Sunday, June 10, 2007

AOL email issues and spam "friendly fire"

Effective immediately we will no longer allow users to forward email to AOL email accounts. This decision is being forced upon us and many other hosting companies by AOL's policies, not by our own choice.

Over the past three years there's been a buzz in the hosting industry over the problems caused by users forwarding their email to their own AOL accounts.

What happens (as is shown in the thread from a cPanel users and hosting companies forum) is this...mind you, I did not write the following quote, it is one of many "anti-AOL comments" from the cPanel hosting forums:
Let's say your customer has their mail forwarding to AOL. So of course, it forwards everything, including spam. Now they check their AOL inbox, and they see spam. They report it as spam of course, because they are AOL users and don't know any better..(let's face it..AOL users are less intelligent) Now AOL gets the report and the way they work, they trigger your server as the spamming server. This has been verified by AOL:

"I apologize for any inconvenience. Yes the mails that are forwarded by your mail servers to AOL users are still counted as a complaint. Even if the AOL user has requested their mail to be forwarded. Either the AOL user will have to be informed that by marking a mail as spam they are sending in reports against your company, or the spam will have to be removed before being forwarded on. "

There's even a feature request in cPanel's BugZilla to give all cPanel hosting companies the option to disable the ability for accounts to forward email to AOL addresses. Other hosting companies have gone so far as to install scripts on their servers to seek out and disable any email forward going to an AOL account.

This issue has been a problem discussed in the hosting forums since 2004. I've seen many hosting companies disallow any email from their servers to be forwarded to AOL accounts, because of AOL's "friendly fire" practices. We held out as long as we could, since we have several long-time clients who also use AOL as their ISP. Recently our server was added to the long list of those blacklisted from sending email to AOL accounts, even though AOL admits the SPAM was not originating from OUR server.

In other words, an AOL user who also have an account with us reported "SPAM" that was forwarded from their own account to their AOL email address. AOL only sees the last "hop", or our server IP, that the SPAM was filtered through. A common mistake and I can't fault AOL for that, especially since most of this is automated. What I *do* fault AOL for is making it so ridiculously difficult, nearing impossible, to straighten out such a problem.

We have always taken a hard line against SPAM, with zero tolerance for any outgoing and working diligently against any incoming. An average of 83-87% of email processed on the server is SPAM, and though we filter out as much as is possible, there will always be some that gets through. There is just simply no way around that. Part of that is that what's SPAM to one person is an awesome opportunity to buy Viagra at 50% off to another! Sad to say, but if SOMEONE wasn't buying what they're selling....SPAM would be no more.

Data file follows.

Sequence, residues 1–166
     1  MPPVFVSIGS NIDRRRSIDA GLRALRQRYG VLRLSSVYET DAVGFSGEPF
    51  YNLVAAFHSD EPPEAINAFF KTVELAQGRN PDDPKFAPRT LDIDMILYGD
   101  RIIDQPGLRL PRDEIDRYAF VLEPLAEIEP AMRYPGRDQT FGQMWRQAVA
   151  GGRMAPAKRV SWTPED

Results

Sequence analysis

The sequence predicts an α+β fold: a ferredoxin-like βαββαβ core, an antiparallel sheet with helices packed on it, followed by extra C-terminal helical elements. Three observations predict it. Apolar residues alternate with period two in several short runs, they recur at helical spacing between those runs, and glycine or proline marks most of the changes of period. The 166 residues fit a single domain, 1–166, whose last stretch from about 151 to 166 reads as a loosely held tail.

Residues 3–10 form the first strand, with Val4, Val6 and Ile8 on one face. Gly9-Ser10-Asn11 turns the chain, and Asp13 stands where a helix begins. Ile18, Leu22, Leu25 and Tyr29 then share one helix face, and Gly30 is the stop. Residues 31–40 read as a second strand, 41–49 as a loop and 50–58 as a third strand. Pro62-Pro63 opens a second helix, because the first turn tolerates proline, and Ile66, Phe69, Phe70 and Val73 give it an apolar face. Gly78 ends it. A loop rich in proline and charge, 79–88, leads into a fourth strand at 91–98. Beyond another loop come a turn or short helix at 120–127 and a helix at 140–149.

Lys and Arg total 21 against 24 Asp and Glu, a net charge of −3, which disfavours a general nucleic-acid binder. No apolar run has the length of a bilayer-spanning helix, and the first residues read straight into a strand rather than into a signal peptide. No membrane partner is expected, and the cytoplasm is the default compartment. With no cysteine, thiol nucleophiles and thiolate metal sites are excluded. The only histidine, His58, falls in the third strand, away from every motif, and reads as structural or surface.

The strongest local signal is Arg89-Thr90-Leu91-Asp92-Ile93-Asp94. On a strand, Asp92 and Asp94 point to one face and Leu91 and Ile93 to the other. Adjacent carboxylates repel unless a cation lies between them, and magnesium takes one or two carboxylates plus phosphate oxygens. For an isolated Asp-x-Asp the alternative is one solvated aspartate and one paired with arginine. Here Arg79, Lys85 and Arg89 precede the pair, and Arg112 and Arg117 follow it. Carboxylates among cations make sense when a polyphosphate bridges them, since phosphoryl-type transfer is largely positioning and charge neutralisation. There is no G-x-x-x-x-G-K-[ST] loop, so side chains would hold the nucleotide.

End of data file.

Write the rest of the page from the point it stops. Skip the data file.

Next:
On May 7, 2007 I filled out all the appropriate forms with AOL to be whitelisted. I have yet to receive a response. I'm not hopeful there will BE one, based on the experiences from other hosting companies, but I do plan on calling them again this week.

And folks, there's a reason AOL has the reputation of being "the Internet on training wheels." It is. That's why email senders often create "AOL user, click here" links, because AOL email doesn't recognize hyperlinks that every OTHER email client on the planet does.

The AOL browser is a Hybrid (or bastardized) version of Internet Explorer. But it's not really IE. When you visist a website using the AOL browser there's a good chance you won't be seeing the page as the rest of the world sees it. Not only does AOL compress graphics, AOL's "Web Accelerator" stores copies of web pages, also known as caching.

If the web page has been changed recently you may be seeing the OLD version of the page and not the current one. A simple solution would be to use another browser. Just because you have AOL as your ISP, does not mean you MUST use their browser to see the web.

The problem of being hit by anti-SPAM friendly fire is an issue that extends far beyond AOL users. The casualties from companies who have been hit by friendly fire are many, and their numbers are growing. Hotmail's antispam measures snuff out legit emails, too, and problems with Yahoo's greylisting policies, though they officially lie and claim they don't greylist. Even Gmail has had problems with user reporting email in their Gmail accounts disappeared.

It appears that, as in many other areas of life, you get what you pay for, and free email There are also a growing number of services and vendors on the Internet who will refuse to allow you to sign up for whatever they offer/sell by using a "free" email account. Some extend this to AOL email.

If you must use a free web-based email account, at this point in time I would recommend Gmail. I'd also recommend installing an email client and downloading and/or backup your email locally.

You can never be too young, too rich, or have too much data backups.

And lest you think the spammers are winning the war...Washington state SPAM KING arrested. That's one down, 5,398,463 to go....